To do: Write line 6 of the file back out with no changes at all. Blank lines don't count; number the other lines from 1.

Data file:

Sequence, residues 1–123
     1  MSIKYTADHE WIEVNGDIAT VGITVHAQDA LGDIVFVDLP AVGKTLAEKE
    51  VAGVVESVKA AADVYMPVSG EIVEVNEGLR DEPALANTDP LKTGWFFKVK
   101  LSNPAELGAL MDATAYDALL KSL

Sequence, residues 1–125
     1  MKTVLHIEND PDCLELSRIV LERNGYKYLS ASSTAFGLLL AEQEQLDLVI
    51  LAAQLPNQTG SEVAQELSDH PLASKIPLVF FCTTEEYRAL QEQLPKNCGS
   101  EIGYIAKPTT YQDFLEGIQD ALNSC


     1  MKTVLHIEND PDCLELSRIV LERNGYKYLS ASSTAFGLLL AEQEQLDLVI